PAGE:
The Basque guerrilla group ETA on Thursday announced its final dissolution, bringing to an end more than four decades of terrorist attacks and targeted killings in pursuit of a Basque homeland in northern Spain.
Over the same period, the United Kingdom has had to face the reality of constant terrorist attacks from a number of sources, killing hundreds of people and stretching the resources of the services trying to combat such groups.
Continuity Irish Republican Army (CIRA)
Like ETA which reportedly only amounted to a few hundred individuals, most of whom were imprisoned, the CIRA is believed to number at just around 50 members. Calling itself the armed forces of the Republic of Ireland, with which it seeks to join the country of Northern Ireland, the group became active in 1994 after the Irish Republican Army (IRA) accepted a provisional ceasefire with the UK government that eventually led to the Good Friday Accords in 1998.
Because of its size, the group's activities were mainly restricted to shootings, attempted kidnappings of police and security force members and the planting of explosives, most recently in 2005. It remains an illegal organization in Britain, comprising hard-core former IRA members and is believed to operate primarily in the provinces of Ulster and Munster.
Irish National Liberation Army (INLA)
Also a small-scale militant organization which participated in the Troubles that rocked Britain from the 1960s to the late 90s, INLA formed by breaking away from the IRA due to its rejection of the 1994 ceasefire. Operating mainly out of the city of Belfast, the group's most spectacular success came in 1979 when it assassinated Airey Neave, the Conservative Party spokesman for Northern Ireland, in a car-bombing at the Palace of Westminster in London.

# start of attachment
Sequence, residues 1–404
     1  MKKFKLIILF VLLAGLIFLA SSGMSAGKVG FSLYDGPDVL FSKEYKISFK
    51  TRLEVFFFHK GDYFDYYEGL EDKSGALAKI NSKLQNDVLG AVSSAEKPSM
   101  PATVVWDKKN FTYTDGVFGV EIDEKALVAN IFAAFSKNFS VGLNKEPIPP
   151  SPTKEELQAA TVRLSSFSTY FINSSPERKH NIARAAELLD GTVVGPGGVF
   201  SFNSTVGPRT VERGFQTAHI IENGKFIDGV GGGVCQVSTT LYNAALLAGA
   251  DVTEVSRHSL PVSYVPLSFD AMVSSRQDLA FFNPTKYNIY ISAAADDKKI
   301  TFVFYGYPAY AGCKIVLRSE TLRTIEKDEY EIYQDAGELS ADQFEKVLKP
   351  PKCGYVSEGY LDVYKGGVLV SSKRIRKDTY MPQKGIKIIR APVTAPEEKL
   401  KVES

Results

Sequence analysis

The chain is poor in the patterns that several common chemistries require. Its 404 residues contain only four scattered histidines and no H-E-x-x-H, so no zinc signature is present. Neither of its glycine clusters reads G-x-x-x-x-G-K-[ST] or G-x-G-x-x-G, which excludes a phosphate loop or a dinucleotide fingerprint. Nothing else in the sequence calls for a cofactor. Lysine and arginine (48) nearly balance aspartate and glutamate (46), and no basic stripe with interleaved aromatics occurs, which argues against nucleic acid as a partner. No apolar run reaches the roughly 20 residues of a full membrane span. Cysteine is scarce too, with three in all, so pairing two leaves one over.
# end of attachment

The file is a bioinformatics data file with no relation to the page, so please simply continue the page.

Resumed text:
The Marxist-Leninist Irish Republican group INLA, like ETA has been in a state of ceasefire with the British state since the Good Friday Agreement and formally ended its armed struggle in 2009. It remains in existence however, calling for a unitary socialist Irish republic.
Ulster Defence Association (UDA)
As well as Irish Republicanism, Britain has faced violence from those radically devoted to Northern Ireland remaining a part of the United Kingdom. The Ulster Defence Association which also abandoned its armed struggle against Irish Republican militants in 2007 when it reportedly still had 7,000 active members.
At its height in the early 1970s, the group fielded approximately 40,000 members and primarily targeted Irish Catholics of whom it killed approximately 400 during its armed struggle.
While not calling for autonomy or an independent state on the territory of the United Kingdom itself, the Sikh nationalist group Babbar Khalsa has long used Britain as a base of operations for its campaign for Sikh autonomy in the Punjab region of India.
It's most spectacular operation was the 1985 terrorist bombing of Air India Flight 182 off the west coast of Ireland which resulted in the deaths of all 329 passengers and crew and was the largest loss of Canadian life in a terrorist attack ever.